If you are bringing exhibits to an in-person trial, make sure you have at least 3 copies: one for you, one for the other party, and one for the judge.
When the judge asks to see your exhibits, do not walk over to the judge to hand them your exhibits. The deputy will come and get the exhibits from you and take them to the judge.
If you are bringing exhibits to a virtual trial, make sure to follow all instructions from court staff about submitting exhibits, and be aware of any additional procedures you may need to follow.
4. Bring supplies
Make sure to bring a notebook and several pens with you to your hearing. If your hearing is virtual, have a notepad and pen on hand so you can easily take notes.
When it’s the other party’s turn to speak, you might want to make notes about things that they say in case you want to address their points when it’s your turn to speak.
If the judge decides they cannot make orders by the end of the hearing, you might need to go back to court later on. Be sure to have your planner or calendar with you so that you can easily write down and schedule any following hearings.
If the judge decides that they will be able to make your final orders by the end of your hearing, you will want to take notes when the judge makes your final orders. Write down everything the judge says when they explain your final orders.
Sometimes court staff will give you a typed summary of the orders the judge explained in court, but sometimes those summaries are incomplete. This is why it’s important that you write down everything the judge says.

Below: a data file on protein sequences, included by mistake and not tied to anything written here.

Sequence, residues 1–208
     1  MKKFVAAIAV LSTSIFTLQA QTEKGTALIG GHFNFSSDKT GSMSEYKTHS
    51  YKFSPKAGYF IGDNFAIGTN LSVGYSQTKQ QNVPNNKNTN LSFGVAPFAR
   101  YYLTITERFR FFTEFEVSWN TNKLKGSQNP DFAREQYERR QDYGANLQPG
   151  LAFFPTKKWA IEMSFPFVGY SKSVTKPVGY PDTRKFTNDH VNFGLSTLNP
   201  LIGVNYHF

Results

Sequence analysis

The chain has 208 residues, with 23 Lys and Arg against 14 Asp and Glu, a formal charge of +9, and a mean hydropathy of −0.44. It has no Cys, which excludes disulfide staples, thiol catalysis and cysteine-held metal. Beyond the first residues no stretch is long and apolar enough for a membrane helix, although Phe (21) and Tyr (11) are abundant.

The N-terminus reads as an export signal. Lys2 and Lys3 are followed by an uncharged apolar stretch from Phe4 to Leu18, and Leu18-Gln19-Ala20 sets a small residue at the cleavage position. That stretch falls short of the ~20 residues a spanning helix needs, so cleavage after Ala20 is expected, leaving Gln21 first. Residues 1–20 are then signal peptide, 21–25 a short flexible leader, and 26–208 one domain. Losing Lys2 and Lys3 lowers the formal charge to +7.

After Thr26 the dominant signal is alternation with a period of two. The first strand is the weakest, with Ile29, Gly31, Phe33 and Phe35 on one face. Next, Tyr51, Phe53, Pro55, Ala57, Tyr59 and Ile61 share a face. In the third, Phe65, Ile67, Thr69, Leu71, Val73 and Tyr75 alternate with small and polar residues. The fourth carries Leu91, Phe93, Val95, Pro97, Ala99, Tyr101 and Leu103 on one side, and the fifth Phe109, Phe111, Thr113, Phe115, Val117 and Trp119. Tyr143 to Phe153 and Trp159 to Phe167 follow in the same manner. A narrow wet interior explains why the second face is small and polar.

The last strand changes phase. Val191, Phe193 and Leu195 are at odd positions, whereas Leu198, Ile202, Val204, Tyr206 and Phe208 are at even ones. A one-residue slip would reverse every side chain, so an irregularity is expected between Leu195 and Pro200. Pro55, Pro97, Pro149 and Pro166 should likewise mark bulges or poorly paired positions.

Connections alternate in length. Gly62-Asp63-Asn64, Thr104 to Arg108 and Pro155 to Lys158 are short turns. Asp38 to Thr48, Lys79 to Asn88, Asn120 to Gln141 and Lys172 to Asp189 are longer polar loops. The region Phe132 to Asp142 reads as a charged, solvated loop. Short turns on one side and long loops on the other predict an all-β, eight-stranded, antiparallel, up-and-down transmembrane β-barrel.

It is sometimes the litigants’ responsibility (either you, the other party, or your attorneys’ responsibility) to write up final court documents (or judgments) with the judge’s orders on them, so you’ll want to have notes to refer to when that time comes.
You may also want to bring a bottle of water with you to the courtroom.
Note that you cannot eat food while in the courtroom or during your hearing.
5. Know when to talk, and when not to.
It’s important to pay attention to the judge when they speak during your hearing. They will often give you instructions at the start of your hearing so that you know when it is your turn to speak and ask questions.
The judge will likely give both you and the other party designated times to speak and explain your situation.
If it is the other party’s turn to speak and they say something you disagree with, do not interrupt them.
You can address this disagreement the next time it is your turn to speak.
If you feel like your hearing is wrapping up and you want to ask a question or make a point before the judge makes their ruling, you should ask the judge if you can speak.
Note that you shouldn’t just start speaking. You should wait until the judge has finished speaking, and then politely ask the judge if you can make an additional note.
If the judge is making their ruling and it looks like they’re leaving out an important point that you wanted them to rule on, ask them if you can interject and then explain your concern.
Again, ask them before you begin making your request.
Bonus Tip: If You Have a Language Barrier
Language barriers are a common obstacle to accessing justice.
If you or someone you know has a court hearing coming up and they are not comfortable speaking or understanding English, there are options.
You should contact your court clerk’s office and see what the process is to request an interpreter for your hearing. Some courts have interpreters on hand, but other courts will need to put in requests for interpreters to come in from other areas.
It can be a lengthy process.
Be sure to contact the clerk’s office as early as possible to ensure arrangements are made for an interpreter in your case.